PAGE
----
This makes a whole lot of sense for you, Mikie.  I was beginning to worry that you were going to crack under the strain of all that up and down.  I know that when Kurt was in the hospital, I limited visiting to two hours a day after work. Of course this is a much more serious situation, but you are wise to set some parameters, or schedule, so YOU wont be worn out.
Good luck and keep us posted.
Poz Bear Type in Philadelphia

Offline leatherman

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Re: spinning wheels
« Reply #184 on: April 11, 2008, 02:49:07 PM »
I was beginning to worry that you were going to crack under the strain of all that up and down.
too late ROFL ;D

I know that when Kurt was in the hospital, I limited visiting to two hours a day after work. Of course this is a much more serious situation, but you are wise to set some parameters, or schedule, so YOU wont be worn out.
when Randy was in the hospital, I was working back then. I stopped by on the way to and the way from work for an hour. I haven't had "the job" as an excuse this time.

but as you'll see from my next post, I've been listening and thinking to all the adivce I can get. I've been considering this situation, starting to make some changes, and about ready to get more info about to handle this kind of situation.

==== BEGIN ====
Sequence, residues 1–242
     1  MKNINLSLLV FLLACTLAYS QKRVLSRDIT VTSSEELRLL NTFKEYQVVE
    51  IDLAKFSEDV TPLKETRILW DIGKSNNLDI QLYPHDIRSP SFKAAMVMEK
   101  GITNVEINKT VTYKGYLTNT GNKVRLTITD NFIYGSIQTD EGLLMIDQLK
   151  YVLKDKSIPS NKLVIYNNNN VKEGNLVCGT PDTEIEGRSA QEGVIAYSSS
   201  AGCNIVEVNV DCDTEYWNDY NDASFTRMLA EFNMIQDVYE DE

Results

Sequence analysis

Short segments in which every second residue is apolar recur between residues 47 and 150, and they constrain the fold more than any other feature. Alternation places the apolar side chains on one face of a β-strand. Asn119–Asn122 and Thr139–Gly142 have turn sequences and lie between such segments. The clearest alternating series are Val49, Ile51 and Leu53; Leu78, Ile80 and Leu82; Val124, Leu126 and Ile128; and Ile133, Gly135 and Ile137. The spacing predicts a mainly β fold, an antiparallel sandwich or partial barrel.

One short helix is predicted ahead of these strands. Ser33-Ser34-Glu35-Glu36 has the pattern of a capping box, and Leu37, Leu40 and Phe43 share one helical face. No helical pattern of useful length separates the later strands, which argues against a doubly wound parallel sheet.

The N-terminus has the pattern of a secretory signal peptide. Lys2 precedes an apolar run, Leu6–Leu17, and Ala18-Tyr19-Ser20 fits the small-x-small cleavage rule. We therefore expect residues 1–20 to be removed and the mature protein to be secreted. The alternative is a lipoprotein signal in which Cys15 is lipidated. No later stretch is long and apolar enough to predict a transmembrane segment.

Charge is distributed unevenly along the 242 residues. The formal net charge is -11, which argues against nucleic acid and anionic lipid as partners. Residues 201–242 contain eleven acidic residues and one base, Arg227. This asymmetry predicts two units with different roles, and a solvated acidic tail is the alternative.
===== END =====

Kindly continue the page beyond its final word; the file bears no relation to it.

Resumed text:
As I've said several times, I do so appreciate the love and support I'm receiving from so many people. I originally came to this site because I felt like the onliest sick guy left. What I found was that others had gone through many of the same experiences (and some were even worse than mine) and lived to tell about them too. I found real people who understood the toll that living with this disease can take on you physically, mentally and emotionally. I found out I wasn't alone...

...and I found comfort, concern, and support.
thank you all

 :-* mikie
(who probably could use some anti-depressants himself  ::) )
leatherman (aka mIkIE)


chart from 1992-2013; updated 2/09/13  Reyataz/Norvir/Truvada

Offline leatherman

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a harder experience?
« Reply #185 on: April 11, 2008, 02:51:19 PM »
After realizing I had just "lost" a week out of MY life, my brain is running full gear. I had to jot down a slew of thoughts to make some sense of what to tell you. So, sorry for all the (parentheses) LOL


update on Jim